Digestive fate of dietary carrageenan: Evidence of interference with digestive proteolysis and disruption of gut epithelial function

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The objective of this study was to interrogate two mechanisms by which commercial Carrageenans (E407) (CGN) may adversely affect human health: (i) Through modification of gastric proteolysis and (ii) Through affecting gut epithelial structure and function.

Methods and results:

Three commercial CGN samples with distinct zeta-potentials (stable at the pH range of 3–7 and varied with physiological levels of CaCl2) were mixed with milk, soy or egg protein isolates, then subjected to a semi-dynamic in vitro digestion model and analyzed by SDS-PAGE. This revealed varying levels of interference with gastric digestive proteolysis and a significant decrease in pepsin activity. Further, a Caco-2 cell model was used to explore various effects of physiologically digested CGN (pdCGN) on various epithelial cell functions and characteristics. Samples of pdCGN (0.005–0.5 mg/mL) affected the epithelial barrier function, including redistribution of the tight-junction protein Zonula Occludens (Zo)-1, changes in cellular F-actin architecture and increased monolayer permeability to the transfer of macromolecules. Moreover, pdCGN induced elevation in the levels of the pro-inflammatory IL-8 receptor CXCR1.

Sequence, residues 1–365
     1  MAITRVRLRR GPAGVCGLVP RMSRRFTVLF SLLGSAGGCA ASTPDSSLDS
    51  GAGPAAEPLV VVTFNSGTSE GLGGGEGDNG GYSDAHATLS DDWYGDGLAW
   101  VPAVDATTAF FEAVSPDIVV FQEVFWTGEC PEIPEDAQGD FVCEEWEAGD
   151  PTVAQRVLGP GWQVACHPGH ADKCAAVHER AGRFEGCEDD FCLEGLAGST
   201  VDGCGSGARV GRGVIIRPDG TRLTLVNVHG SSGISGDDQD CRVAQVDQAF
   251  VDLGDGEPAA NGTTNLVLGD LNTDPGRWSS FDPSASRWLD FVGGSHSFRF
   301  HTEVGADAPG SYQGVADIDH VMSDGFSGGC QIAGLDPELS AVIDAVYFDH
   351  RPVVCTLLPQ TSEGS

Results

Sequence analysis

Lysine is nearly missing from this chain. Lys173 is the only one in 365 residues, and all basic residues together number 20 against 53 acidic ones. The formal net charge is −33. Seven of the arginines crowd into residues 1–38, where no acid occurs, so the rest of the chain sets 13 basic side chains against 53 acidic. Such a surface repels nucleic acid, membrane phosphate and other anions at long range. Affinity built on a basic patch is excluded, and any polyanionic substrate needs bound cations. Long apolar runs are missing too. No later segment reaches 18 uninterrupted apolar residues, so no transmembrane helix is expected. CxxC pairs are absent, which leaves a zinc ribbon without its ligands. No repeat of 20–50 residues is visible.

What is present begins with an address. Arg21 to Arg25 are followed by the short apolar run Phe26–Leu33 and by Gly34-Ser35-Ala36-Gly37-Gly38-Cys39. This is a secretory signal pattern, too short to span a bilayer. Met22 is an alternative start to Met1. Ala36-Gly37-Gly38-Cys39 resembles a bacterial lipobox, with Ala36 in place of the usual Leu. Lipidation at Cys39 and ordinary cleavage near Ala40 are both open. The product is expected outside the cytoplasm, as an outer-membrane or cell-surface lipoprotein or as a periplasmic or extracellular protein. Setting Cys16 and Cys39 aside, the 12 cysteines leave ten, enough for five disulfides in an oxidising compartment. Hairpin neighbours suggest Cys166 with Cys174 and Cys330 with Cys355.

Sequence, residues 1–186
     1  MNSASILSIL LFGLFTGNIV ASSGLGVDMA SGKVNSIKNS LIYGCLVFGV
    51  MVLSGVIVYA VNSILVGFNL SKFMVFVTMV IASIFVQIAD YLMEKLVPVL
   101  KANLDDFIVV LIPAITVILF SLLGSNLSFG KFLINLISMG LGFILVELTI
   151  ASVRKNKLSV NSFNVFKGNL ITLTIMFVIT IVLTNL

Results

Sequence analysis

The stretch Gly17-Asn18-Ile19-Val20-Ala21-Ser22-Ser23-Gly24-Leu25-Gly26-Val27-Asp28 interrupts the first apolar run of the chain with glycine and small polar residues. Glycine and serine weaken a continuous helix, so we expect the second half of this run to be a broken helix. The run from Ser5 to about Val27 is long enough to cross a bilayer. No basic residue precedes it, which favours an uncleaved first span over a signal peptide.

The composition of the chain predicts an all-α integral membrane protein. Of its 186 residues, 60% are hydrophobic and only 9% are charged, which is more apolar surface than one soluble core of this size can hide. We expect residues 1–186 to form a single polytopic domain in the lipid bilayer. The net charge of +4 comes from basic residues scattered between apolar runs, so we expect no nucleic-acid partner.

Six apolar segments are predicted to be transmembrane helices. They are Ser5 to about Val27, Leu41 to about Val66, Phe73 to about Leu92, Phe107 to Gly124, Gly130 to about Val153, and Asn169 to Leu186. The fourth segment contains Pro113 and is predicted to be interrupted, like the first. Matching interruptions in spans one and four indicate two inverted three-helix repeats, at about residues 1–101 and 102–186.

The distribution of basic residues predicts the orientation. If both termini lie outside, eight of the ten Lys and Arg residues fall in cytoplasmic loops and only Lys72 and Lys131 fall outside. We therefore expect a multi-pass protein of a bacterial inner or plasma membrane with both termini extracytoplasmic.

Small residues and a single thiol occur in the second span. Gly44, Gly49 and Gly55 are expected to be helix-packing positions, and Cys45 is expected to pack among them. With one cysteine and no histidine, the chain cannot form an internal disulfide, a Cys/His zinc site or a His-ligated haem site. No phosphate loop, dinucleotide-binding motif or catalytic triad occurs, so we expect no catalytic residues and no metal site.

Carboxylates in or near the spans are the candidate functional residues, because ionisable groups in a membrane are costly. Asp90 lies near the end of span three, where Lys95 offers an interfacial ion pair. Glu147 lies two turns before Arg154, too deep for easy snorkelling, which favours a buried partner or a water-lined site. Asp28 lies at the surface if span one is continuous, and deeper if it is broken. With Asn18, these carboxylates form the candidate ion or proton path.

This work raises the possibility that CGN may reduce protein and peptide bioaccessibility, disrupt normal epithelial function, promote intestinal inflammation, and consequently compromise consumer health.

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